Must-Have Air Accessories

Shoot better, stronger, faster
; .

One of my COVID projects was reorganizing the man cave. The process gave me a great opportunity to reminisce, tinker and appreciate the airgun gear I turn to most frequently. You know how it is — once in a while when you stop to ponder, you realize, “Hey, I use this thing all the time. It’s a great piece of gear!”

With this said, here are some of the most frequently used — and just plain valuable — airgun accessories in my world.

This Benjamin “pony” cylinder is perfectly sized for a shooting outing
while still being reasonably portable. A must-have for PCP shooters!

Benjamin Charging System Cylinder

Anyone have a shameful past involving pony kegs? Benjamin has a similar concept, although the consequences are fun and don’t involve bad behavior and hangovers.

The Benjamin “pony” cylinder is just 15″ long but holds 90 cubic inches (14.72 cubic feet) of 4,500 psi compressed air. All of these translate to an overall weight of just about 5 lbs., so it’s backpack portable.

This mini cylinder will handle a good shooting session for rifle refills, however. An air-eating beast like an Airbow or Bulldog will get about eight fills, while a more choosy diner like the Marauder pistol or Challenger rifle will get about 30 fills.


A tube of Pellgun oil is the best couple of dollars you can spend if you shoot CO2 handguns and rifles.

Crosman Pellgun Oil

If you have CO2 or pneumatic pump airguns, Crosman Pellgun Oil is a must-have accessory. Period, paragraph, end of story. The good news is a tube will cost you less than five bucks. The other good news is a tube will last you a long time. The best news is it’ll keep your airguns running at peak performance for years and years.

Proper usage couldn’t be easier. Just apply a drop to the tip of each CO2 cylinder you’re about to load. As the gun’s internal stabber pierces the cylinder, right through your newly applied drop of oil, the lubricant and preservative will get blasted through the action with each subsequent shot. It’ll keep parts moving freely and apply preservative additives to keep the seals soft and leak-free.

Pellgun Oil is a petroleum product, so do not use it for high-pressure airguns, especially PCP models as petroleum lubes can combust under high pressure. There are silicone-based lubricants for safe application in high-pressure situations.

SIG’s self-contained shooting gallery!

SIG Airgun Quad Shooting Gallery

Voila! Instant range and bullet trap in one easy-to-transport package. This self-contained, all-metal target system is designed for lead shot and pellets. You get four knockdown mini-silhouette targets in the box. In the center is a SIG SAUER logo target serving as a reset for the system, so you can camp out in your shooting chair and skip getting up to reset your targets.

The box serves as a safe backstop and also catches all the stray BBs and pellets, so you won’t get in trouble with your significant other for leaving a mess.


The folks at Hunters Supply are certified airgun geeks. If you’ve got a rifle .25
caliber or above, check them out for a broad array of pellets and slugs.

Hunters Supply Lead Projectile Extravaganza

Here’s a little secret — the folks at Hunters Supply make a veritable plethora of airgun-specific projectiles. As you might have noticed, serious-caliber airguns from .25 on up to .50 are all the rage. This opens up a new world of pellet options. Actually, within this range think “slugs” rather than pellets, although you can get traditionally-shaped pellets in ginormous sizes too.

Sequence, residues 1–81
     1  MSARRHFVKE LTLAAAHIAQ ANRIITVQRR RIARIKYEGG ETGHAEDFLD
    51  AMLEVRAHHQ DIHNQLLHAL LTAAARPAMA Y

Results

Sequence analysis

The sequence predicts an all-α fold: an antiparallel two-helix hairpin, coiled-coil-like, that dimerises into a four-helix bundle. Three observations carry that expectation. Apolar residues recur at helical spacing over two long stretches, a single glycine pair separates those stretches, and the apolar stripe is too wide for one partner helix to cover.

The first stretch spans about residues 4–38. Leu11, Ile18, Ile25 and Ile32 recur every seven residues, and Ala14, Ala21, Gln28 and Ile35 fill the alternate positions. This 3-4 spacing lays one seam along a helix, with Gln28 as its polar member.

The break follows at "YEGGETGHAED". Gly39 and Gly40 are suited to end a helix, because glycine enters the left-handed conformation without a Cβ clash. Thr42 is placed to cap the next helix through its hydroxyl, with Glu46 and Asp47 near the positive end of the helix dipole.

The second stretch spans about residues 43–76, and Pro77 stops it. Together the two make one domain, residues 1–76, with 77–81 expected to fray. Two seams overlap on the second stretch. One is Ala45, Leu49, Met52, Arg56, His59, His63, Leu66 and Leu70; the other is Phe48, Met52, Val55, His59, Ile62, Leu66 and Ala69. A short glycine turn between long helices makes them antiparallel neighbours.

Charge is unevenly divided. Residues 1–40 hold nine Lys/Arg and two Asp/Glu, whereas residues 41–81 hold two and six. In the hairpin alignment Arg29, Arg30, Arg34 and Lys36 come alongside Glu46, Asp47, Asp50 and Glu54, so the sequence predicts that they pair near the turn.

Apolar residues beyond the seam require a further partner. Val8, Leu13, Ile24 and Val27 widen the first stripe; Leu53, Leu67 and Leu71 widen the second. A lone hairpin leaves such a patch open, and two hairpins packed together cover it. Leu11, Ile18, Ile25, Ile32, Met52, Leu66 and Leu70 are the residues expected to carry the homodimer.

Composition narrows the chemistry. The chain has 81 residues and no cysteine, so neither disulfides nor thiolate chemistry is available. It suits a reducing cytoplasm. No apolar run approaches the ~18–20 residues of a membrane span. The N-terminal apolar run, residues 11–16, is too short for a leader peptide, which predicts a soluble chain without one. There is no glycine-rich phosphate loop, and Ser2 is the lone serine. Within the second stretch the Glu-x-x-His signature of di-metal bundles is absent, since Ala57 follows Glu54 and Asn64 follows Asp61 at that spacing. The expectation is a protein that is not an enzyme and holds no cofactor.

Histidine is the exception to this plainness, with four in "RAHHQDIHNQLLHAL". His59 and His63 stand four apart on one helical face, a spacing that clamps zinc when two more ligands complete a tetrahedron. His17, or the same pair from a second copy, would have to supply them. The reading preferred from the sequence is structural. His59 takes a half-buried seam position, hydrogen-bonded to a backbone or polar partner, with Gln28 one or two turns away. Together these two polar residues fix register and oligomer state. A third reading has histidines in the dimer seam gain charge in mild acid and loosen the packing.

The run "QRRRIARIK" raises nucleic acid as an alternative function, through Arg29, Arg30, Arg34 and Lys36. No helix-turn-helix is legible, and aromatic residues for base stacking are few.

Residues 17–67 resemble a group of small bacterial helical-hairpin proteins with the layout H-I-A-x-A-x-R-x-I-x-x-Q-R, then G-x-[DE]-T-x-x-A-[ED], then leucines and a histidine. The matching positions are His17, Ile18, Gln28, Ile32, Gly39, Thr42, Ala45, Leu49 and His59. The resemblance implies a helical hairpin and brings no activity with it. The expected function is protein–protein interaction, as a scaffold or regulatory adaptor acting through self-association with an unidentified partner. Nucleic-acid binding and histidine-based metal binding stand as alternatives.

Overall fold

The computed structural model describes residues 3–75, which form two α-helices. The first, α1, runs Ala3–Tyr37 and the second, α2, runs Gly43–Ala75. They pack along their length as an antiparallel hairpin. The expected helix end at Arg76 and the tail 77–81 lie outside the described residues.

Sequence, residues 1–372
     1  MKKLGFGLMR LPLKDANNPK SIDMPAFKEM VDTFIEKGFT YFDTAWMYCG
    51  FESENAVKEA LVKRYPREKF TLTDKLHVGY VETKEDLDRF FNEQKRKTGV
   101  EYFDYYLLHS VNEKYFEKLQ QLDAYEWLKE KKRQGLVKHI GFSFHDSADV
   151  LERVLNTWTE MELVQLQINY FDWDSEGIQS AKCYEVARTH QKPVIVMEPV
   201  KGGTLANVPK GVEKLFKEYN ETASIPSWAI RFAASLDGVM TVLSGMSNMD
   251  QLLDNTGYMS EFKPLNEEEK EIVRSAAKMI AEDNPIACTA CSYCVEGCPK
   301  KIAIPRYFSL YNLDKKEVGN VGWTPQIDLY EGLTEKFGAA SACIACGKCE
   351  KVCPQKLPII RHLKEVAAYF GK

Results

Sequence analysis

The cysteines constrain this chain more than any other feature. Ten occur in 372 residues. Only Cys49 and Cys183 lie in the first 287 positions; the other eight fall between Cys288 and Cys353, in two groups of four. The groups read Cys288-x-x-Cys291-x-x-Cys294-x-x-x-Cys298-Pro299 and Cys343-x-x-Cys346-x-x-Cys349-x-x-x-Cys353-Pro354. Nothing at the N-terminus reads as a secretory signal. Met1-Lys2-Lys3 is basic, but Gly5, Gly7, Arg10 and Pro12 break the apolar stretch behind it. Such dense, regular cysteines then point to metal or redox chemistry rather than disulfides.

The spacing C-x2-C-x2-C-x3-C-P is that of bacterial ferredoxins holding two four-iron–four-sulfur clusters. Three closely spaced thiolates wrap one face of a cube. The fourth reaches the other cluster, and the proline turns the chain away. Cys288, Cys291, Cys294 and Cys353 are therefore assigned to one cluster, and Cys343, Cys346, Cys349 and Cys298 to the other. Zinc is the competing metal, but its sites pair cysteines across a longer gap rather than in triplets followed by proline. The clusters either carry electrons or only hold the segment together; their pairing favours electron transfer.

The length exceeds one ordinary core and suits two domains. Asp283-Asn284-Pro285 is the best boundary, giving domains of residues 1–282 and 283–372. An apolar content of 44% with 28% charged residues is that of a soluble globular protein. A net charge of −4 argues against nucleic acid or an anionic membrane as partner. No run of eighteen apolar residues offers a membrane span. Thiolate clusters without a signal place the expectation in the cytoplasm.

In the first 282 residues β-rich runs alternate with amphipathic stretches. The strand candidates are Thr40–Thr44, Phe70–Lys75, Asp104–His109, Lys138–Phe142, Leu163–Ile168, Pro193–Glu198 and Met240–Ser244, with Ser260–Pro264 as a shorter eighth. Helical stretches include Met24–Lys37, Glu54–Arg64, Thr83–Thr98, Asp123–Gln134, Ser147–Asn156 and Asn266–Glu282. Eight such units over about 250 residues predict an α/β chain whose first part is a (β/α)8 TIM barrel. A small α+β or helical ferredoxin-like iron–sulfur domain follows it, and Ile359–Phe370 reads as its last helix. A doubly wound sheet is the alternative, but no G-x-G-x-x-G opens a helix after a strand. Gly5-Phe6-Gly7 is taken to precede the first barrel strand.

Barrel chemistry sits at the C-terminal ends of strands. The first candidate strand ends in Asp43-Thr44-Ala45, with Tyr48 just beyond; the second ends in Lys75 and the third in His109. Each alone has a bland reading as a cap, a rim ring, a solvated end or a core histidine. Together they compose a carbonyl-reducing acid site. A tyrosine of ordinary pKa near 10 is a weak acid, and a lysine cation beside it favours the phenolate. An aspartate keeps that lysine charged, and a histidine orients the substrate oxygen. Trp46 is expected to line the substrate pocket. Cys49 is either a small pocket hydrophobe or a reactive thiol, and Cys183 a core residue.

Wanna launch a .45 caliber, 520-grain hunk of lead downrange?

Tom has several hand pumps but finds the Gamo model the most useful.
It’s well built and features a built-in manometer.

Gamo Hand Pump

I’ve got a few miscellaneous hand pumps floating around the man cave, but the one I reach for first is the Gamo model. If you’re new to airgunning, be aware these are nothing like bicycle tire pumps. This one outputs 4,500 psi of compressed air to fill even the most air-hungry rifle, pistol or airbow.

The built-in manometer (air pressure gauge) is easy to read and precise for safe and accurate fills. The foot stabilizers are generous and fold up for easy storage. This is a solid piece of gear.


Tom shoots the frangible Dust Devils at standard steel plates, in his garage.

Dust Devil BBs

We’re blessed with an abundance of realistic and affordable BB pistol options great for training. With precisely matched dimensions and operation to centerfire equivalent pistols and revolvers, we can now train safely in the garage, basement, or if your neighbors don’t mind, backyard.

You can shoot steel BBs through paper and into a trap or other safe backstop, but if you want to experience the feedback of shooting more reactive targets, check out frangible BBs.

As the name implies, the Dust Devil BBs shatter into … dust when they strike a hard target like a steel plate. No ricochets mean improved safety and less mess when you’re finished. These are a little rougher on the surface than traditional BBs, so they may not feed quite as reliably in all actions. I’ll take this tradeoff for an improved shooting experience.

This FX Pocket Doppler Radar chronograph isn’t much larger than a deck of cards.

FX Pocket Chronograph

This little device, not much larger than a deck of cards, is the cat’s meow. It’s a Doppler Radar chronograph powered by three AAA batteries. It’s so small you can either set it on the bench or hang it below the muzzle. The device pairs with a companion smartphone app that captures the shot string data and does all the fancy math to output energy levels, standard deviations and all that.

This model is airgun specific and works up to about 1,200 fps or so. Word is the company is working on a centerfire-compatible version too. Stay tuned.

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